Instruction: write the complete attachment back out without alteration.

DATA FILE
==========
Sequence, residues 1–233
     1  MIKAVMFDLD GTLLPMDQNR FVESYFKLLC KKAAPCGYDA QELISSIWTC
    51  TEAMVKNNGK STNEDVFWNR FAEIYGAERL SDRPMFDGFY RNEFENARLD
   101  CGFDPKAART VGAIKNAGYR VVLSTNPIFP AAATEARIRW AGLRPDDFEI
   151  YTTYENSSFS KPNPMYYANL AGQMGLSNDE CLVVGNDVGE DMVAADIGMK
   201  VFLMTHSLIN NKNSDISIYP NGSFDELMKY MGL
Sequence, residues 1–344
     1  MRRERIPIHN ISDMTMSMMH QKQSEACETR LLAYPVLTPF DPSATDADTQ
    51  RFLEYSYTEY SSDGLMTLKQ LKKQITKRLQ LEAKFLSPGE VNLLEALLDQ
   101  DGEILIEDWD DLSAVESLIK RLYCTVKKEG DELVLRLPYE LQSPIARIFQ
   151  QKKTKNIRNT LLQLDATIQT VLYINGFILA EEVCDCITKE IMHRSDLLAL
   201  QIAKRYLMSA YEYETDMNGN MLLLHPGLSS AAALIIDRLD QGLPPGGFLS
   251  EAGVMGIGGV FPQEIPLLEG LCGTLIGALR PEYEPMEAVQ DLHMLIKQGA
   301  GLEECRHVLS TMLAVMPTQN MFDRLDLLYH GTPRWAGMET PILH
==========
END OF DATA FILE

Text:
Sequence, residues 1–233
     1  MIKAVMFDLD GTLLPMDQNR FVESYFKLLC KKAAPCGYDA QELISSIWTC
    51  TEAMVKNNGK STNEDVFWNR FAEIYGAERL SDRPMFDGFY RNEFENARLD
   101  CGFDPKAART VGAIKNAGYR VVLSTNPIFP AAATEARIRW AGLRPDDFEI
   151  YTTYENSSFS KPNPMYYANL AGQMGLSNDE CLVVGNDVGE DMVAADIGMK
   201  VFLMTHSLIN NKNSDISIYP NGSFDELMKY MGL
Sequence, residues 1–344
     1  MRRERIPIHN ISDMTMSMMH QKQSEACETR LLAYPVLTPF DPSATDADTQ
    51  RFLEYSYTEY SSDGLMTLKQ LKKQITKRLQ LEAKFLSPGE VNLLEALLDQ
   101  DGEILIEDWD DLSAVESLIK RLYCTVKKEG DELVLRLPYE LQSPIARIFQ
   151  QKKTKNIRNT LLQLDATIQT VLYINGFILA EEVCDCITKE IMHRSDLLAL
   201  QIAKRYLMSA YEYETDMNGN MLLLHPGLSS AAALIIDRLD QGLPPGGFLS
   251  EAGVMGIGGV FPQEIPLLEG LCGTLIGALR PEYEPMEAVQ DLHMLIKQGA
   301  GLEECRHVLS TMLAVMPTQN MFDRLDLLYH GTPRWAGMET PILH